My eye was recently drawn to an interesting headline; “How to do business with doughnuts”, which was the title of a thought provoking article by Kate Raworth of the Environmental Change Institute at Oxford University. Kate’s work on “doughnut economics”, which I had not found before, is really worth exploring. Soon after I saw a piece about Brian Chesky’s, the Co-founder and CEO of AirBnB, letter to stakeholders about what a 21st century company should look like. There seemed to be a connection but let’s deal with the doughnuts first.
In Kate Raworth’s model the doughnut is a ring that sets out to define boundaries set by ecology and by social conditions. In many areas such as climate change and biodiversity we are clearly exceeding the ecological limits. On the social factors we have massive deficits as billions of people still fall short on even basic essentials. The challenge is how to meet the social needs without exceeding the ecological limits i.e. how to live within the doughnut.
Kate Raworth lists five reactions to the diagram she has had when talking to a range of corporates about this idea over the last six years. They are characterised as:
Do what pays
Do your fair share
Do mission zero
Brian Chesky’s letter to stakeholders talks about building a company for the 21st century and even the 22nd century ie a long-term focus rather than a focus on short-term results. For AirBnB this means:
We will have an infinite time horizon
We will serve all of our stakeholders
Both Kate Raworth’s work and Brian Chesky’s letter address some fundamental questions we should all to be concerned with – what are businesses for, (both on an individual enterprise level and a social level), and how should they be organized and operate to best serve their purpose?
This caused me to consider what does this kind of thinking mean in an energy context, specifically for energy consuming (i.e. all?) businesses? Using Kate Raworth’s five responses as a guide:
Do nothing means simply that – don’t bother about energy consumption and costs at all. In the corporate world this is unusual, at least in larger companies in the developed world. In other markets and SMEs it is still common.
Do what pays means reduce energy costs by investing in cost-effective projects. This could be characterised as “standard energy management” which most corporates have. Even where there is energy management many very cost-effective projects are not implemented for a number of reasons including; uncertainty about the outcomes and competing and more strategic demands on capital. A lot of work on energy management, including my own, has been about improving the do what pays model to maximize the uptake of the huge economic potential that we know exists, and maximizing the returns.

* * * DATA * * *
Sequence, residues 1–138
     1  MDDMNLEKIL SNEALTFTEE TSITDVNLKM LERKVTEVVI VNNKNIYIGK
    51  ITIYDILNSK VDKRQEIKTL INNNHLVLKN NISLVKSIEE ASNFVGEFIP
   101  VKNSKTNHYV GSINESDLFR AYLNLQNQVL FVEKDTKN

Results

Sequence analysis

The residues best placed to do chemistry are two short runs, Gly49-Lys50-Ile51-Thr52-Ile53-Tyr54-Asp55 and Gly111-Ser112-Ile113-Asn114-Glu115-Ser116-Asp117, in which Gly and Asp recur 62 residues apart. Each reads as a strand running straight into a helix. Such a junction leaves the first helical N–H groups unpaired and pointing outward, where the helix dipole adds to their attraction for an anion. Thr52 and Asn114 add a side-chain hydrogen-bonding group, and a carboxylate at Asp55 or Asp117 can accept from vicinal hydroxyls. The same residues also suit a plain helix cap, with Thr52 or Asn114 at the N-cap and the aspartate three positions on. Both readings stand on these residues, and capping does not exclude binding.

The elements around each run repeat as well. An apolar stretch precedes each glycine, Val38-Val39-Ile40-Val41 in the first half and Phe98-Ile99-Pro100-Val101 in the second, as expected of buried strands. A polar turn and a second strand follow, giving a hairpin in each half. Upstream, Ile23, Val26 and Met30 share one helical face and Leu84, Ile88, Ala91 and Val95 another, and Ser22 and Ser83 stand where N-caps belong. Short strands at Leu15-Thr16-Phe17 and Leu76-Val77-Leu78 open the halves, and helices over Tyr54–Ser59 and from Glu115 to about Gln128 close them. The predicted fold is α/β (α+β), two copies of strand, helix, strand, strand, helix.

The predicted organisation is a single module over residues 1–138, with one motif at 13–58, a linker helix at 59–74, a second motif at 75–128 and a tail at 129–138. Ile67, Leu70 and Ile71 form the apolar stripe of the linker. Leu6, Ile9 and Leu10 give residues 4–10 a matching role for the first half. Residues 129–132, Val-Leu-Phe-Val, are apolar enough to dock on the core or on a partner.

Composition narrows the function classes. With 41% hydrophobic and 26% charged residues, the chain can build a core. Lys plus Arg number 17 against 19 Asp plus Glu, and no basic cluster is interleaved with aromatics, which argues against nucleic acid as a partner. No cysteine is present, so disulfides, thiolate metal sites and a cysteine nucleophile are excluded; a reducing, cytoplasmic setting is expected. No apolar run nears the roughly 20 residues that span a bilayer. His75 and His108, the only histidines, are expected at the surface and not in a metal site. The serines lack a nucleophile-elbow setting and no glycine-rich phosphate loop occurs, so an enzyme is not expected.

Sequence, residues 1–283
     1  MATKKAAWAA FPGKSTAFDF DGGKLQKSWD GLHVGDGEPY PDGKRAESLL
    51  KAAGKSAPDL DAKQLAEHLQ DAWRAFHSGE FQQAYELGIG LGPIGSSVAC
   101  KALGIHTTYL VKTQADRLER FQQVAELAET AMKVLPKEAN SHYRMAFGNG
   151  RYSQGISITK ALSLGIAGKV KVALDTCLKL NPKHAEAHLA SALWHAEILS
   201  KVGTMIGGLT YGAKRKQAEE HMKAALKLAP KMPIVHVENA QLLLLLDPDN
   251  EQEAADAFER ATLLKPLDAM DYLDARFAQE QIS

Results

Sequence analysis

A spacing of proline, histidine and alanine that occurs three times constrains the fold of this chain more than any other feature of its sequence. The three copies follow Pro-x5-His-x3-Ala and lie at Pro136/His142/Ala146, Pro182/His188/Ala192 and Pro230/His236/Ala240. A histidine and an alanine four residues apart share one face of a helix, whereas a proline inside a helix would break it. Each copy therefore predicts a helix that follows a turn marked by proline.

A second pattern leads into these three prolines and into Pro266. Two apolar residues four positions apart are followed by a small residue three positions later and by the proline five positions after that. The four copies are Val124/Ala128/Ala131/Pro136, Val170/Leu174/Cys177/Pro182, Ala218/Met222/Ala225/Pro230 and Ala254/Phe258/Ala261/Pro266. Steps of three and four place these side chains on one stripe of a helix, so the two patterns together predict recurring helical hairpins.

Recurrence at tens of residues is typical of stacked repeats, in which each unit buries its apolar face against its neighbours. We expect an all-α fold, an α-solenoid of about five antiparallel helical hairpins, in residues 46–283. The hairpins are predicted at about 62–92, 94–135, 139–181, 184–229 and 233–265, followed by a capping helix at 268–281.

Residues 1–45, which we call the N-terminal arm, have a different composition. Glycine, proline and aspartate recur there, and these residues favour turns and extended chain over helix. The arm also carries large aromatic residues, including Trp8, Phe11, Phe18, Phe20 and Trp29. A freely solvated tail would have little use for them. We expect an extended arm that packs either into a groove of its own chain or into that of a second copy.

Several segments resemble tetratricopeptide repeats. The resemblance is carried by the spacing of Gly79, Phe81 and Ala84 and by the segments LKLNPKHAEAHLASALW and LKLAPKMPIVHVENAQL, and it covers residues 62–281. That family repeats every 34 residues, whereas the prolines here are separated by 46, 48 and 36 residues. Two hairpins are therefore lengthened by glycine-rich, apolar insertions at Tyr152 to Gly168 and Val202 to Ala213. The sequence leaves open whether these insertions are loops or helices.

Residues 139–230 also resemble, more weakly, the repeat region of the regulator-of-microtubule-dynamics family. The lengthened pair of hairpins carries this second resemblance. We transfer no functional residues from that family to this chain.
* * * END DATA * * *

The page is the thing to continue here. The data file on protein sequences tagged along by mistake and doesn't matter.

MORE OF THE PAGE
Do your fair share means committing to science based targets for reducing emissions. Adopting science based targets appears to be growing, at least amongst large corporates. A recent example is TH Real Estate, one of the largest real estate investment managers in the world, with equity investments in nearly 900 office, retail, industrial and residential assets globally.
Do mission zero means committing to a goal like net zero energy or net zero emissions. A net zero energy building or facility would put back as much energy as it uses into the system or grid. Of course there are deeper questions here, generating on-site energy in a way that has higher emissions per kWh than the grid may be net zero energy but not net zero emissions. IKEA has committed to use 100% renewables by 2020.
Be generative means going beyond zero energy or zero emissions and building a business that is net positive in energy and emissions. This may include supporting energy production in excess of usage, something that Unilever is targeting for 2030, or a business that removes carbon dioxide from the environment, either through a production process making something, such as cement production that absorbs CO2, or whose main revenue generating activity is removing CO2 from the atmosphere, (which of course would require a value to be ascribed to a tonne of CO2).
To build a 21st century enterprise (or for that matter a 22nd century enterprise), we need to consider many factors – both technical, financial, social and human. It seems, however, that such an enterprise would at least be working to improve its position on the doughnut in relation to energy and the environment. That means moving energy management beyond the “do what pays” model – what we may call a 20th century model – into at the very least a “do your fair share” model, and ultimately into a “mission zero” and “generative” model. The doughnut gives us a new model for categorising the response of companies to energy problems.